Exciting Days in the Field

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Erik Larson

University of Montana

Fort Missoula Field School – 24MO188

We had a really exciting week at the dig site. We found several items that will help with the continued research of Ft. Missoula. It was hot and the bugs were out in force along the Bitterroot, but no one seemed to bothered by this at all. We were having too much fun, I guess. I found a toothbrush fragment this week that might connect our dig with the previous dig done by archaeologist Carling Malouf in the early 1980s.


The field crew hard at work in the heat of the day, uncovering the past. 

Artifacts aside,  I also found a painted turtle crawling alongside the road. He had the most beautiful markings. I was not aware that painted turtles could be found along the Bitterroot River. Beautiful scenery, interesting wildlife, and gorgeous weather made this week at the dig site an experience to remember.


Research of Ecological and Anthropological River Dimensions

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The Montana Anthropogenic Research Cooperative (MT-ARC), via the Dixon Archaeology Lab, has partnered with the Institute on Ecosystems (IoE), via the Valett Ecology Lab, to look at the research of ecological and anthropological river dimensions. The project is combining historical data in ecological and anthropological features of the Missoula valley to address the interaction between people and their environment over the long term. We are looking at sites both in the anthroprogenically dynamic urban center, like the Underground and in the more ecologically dynamic areas near the confluence of the Bitterroot and Clark Fork Rivers. Human development has historically shaped the environment and contributed to landscape transformation by counteracting the natural complexity of river floodplains.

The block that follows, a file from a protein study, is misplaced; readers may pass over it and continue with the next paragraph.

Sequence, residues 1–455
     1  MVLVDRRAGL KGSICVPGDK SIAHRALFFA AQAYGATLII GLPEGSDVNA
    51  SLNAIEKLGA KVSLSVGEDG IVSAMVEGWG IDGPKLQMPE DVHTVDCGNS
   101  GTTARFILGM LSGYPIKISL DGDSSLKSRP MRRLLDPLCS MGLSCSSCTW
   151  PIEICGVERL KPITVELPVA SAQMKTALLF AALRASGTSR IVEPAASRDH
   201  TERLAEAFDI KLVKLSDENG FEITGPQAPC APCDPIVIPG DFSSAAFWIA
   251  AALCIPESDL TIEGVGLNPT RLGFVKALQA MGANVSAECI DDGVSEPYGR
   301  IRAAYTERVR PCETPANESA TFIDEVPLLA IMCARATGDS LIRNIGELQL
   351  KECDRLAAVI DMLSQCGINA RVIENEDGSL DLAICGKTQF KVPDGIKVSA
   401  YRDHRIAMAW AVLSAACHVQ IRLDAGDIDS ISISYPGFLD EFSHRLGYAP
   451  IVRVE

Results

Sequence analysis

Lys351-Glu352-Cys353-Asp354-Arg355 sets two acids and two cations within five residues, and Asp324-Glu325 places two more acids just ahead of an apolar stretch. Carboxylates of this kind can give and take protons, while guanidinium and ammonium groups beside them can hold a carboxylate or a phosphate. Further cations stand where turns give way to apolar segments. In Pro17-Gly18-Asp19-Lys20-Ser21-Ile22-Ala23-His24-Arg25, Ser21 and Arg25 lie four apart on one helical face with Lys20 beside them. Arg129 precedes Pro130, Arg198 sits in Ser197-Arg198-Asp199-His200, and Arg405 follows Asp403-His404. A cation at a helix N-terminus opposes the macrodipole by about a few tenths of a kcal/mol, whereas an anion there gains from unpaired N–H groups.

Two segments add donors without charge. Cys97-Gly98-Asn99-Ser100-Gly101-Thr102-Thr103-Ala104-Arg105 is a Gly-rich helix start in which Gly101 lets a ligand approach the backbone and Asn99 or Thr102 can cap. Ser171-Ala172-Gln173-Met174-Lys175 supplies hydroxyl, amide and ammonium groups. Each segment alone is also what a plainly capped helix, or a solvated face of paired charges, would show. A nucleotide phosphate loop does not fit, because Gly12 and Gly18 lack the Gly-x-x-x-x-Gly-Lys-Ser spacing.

Dr.’s Kelly Dixon, Marc Peipoch, and Maury Valett surveying the research site while trying to determine the best plan of action for installing test wells for monitoring the river. This particular research site not only sits on the river and maintains relative ecological diversity, but it is within blocks of the hustle and bustle of the city and is in close proximity of significant archaeological and National Register sites.

This project is seeking to address when the complexity of the human actions and the complexity of the environment intersected and diverged; basically as human interactions in the Missoula Valley became more complex the environment became less complex and diverse. It is this point of convergence that we are seeking to quantify.

The project will be reaching out to local area schools hoping to share research and learning opportunities. A hands-on exploratory exhibit is currently under design for exhibition at spectrUM Discovery next fall that will conceptualize many of the ideas and concepts from this project and make them tangible for children of all ages. This project is all about human interactions and in that same vein we encourage comments, thoughts, ideas, and input on this post to help us as we move forward with this project.

Research along the Bitterroot.

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Research along the Bitterroot.

Graduate Student, Mary Bobbitt, surveying one of three sites that are the focus of her master’s thesis.